Archive for the ‘Learning Curve’ Category

Sharing ideas

October 17, 2010

Yesterday I attended a TEFL del Sur conference at Active Language in the centre of Cadiz.  I got some new ideas from Ceri for implementing vocab games which require minimal preparation time.  I can add this to my own small but vastly growing repertoire of games.  I use some of her ideas already, but her clear instructions and specific emphasis on meaning rather than just memorisation will help me to consolidate my own delivery.  I also have a firmer idea of what the focus should be when I use games in class.

The next TEFL del Sur conference will include everybody’s participation.  We have been told to bring an idea.  In this game, most ideas are borrowed and tweeked.  There is not a whole lot of brand new ideas.  Nevertheless, I’m confident that by January, I’ll have a few gems that I will have tried again and again and that will be worth sharing.  I look forward to this.

Being a new TEFL has been a very humbling experience in that I’m learning to realise that I can’t have all the ideas on my own.  I have always tried to have complete ownership over my work.  I’ve never wanted to take on board ideas, because it’s always seemed like admitting defeat.  This attitude, I now realise, is completely unhelpful.  Everybody has great ideas to share whether they are brand new CELTees or the experts  in the field.  As well as learning to accept ideas from others, it is recommended to offer your own ideas to others.

I said in my second post that I’d be willing to share ideas from my little toolkit, so here are a few:

1.  The Snail Race

You ask a question to three/four teams in the class.  Each team has a snail picture (or other animal) stuck on the white board.  This does not work with real animals!  For each vocab/grammar question answered correctly, the team’s snail moves forward a space.  Snails can move backwards if there is any shouting out of answers or incorrect answers.  After about five spaces, the snail has reached the finishing position and the winning team gets a point.  I wish I could take credit for this, but I learnt it on the CELTA course.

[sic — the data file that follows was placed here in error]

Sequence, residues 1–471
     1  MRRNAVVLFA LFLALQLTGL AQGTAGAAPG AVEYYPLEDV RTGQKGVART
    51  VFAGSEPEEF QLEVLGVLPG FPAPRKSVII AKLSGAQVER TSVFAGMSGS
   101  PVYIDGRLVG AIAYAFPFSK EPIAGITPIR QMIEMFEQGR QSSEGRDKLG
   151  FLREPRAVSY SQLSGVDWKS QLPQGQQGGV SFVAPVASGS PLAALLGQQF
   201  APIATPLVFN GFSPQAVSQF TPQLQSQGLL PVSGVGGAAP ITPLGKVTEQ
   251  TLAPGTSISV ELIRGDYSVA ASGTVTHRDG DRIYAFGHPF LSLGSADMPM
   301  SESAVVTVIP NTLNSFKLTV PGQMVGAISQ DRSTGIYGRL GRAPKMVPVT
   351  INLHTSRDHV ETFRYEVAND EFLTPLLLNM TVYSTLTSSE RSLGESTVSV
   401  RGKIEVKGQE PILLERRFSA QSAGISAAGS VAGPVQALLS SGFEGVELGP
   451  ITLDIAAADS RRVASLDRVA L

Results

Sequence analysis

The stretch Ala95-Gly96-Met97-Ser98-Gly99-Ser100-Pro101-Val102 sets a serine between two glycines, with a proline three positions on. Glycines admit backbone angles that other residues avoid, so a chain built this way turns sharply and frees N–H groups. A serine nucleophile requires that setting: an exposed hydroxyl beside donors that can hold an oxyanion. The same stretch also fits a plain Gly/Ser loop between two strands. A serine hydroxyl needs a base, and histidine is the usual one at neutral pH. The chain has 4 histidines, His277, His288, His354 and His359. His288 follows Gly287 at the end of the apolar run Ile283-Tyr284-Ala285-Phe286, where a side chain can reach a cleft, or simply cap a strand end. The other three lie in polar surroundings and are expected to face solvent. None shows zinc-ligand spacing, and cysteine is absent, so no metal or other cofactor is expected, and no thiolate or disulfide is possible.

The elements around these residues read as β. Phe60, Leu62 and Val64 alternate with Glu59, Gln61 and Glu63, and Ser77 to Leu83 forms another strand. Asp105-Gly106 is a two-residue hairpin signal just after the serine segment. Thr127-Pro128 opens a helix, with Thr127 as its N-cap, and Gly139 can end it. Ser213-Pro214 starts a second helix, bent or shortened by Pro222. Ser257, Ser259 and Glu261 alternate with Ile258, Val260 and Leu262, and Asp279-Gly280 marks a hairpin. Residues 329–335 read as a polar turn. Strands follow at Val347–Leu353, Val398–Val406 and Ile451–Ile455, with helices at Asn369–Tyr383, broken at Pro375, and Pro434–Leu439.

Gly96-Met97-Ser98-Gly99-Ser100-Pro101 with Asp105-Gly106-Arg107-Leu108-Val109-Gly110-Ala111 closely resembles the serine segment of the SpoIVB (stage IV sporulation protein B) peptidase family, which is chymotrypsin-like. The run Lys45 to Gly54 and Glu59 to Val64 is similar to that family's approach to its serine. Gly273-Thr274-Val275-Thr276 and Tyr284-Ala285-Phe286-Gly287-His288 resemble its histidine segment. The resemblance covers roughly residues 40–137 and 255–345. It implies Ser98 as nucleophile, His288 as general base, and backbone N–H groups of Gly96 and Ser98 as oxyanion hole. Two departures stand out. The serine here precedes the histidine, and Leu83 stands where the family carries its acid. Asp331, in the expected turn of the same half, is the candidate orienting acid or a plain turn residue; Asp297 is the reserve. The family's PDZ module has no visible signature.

Variations:  Use different animal pictures.  I sometimes use butterflies for girl teams.  I use a flower prop to mark the finish as snails eat flowers, so it makes sense for them to race to a flower.  (Sorry, I’m starting to believe they are real!)  I also have a form of this game where two snails have a direct combat for the flower, facing each other.   There are two or three steps between each snail and the flower. Then you can have three teams, two matches each.  This makes the activity a little longer and perhaps more exciting.

2.  Bingo

When I was at school, my French teacher used this game to practise French numbers, especially the difficult ones like 72 (soixante douze = literally sixty-twelve) and 99 (quatre-vingt-dix-neuf = literally four twenty nineteen).  You can imagine how we needed the practice.  I think the Belgians have it right with their equivalents for ninety and seventy: nonante and septante.

My own way of using bingo is….anything.  Take as an example phoneme bingo if you’re teaching phonetics, or question tag bingo.  The teacher asks a question and the students cross out the appropriate question tag.


The students write down question tags like “doesn’t he?”, “isn’t it?”, “can’t we?” etc in a grid of nine.

The teacher asks “You’re brother’s a mechanic…”

The students cross out “isn’t he?” if he/she has written this particular tag.

Thanks again to Ceri for making me realise that one line crossed out is enough for a winner and not necessarily a full house.  That will save me tearing my hair out when I can’t think of anymore question tags and there’s still no winner.

A good piece of advice is to not ask the students to draw a grid of anymore than nine squares.  Can you imagine trying to get a full house of sixteen squares?

So there you are.  I humbly present two of my games.  They are not original, nor special in any way, but I have tried to use them to my advantage and maybe new teachers can benefit too.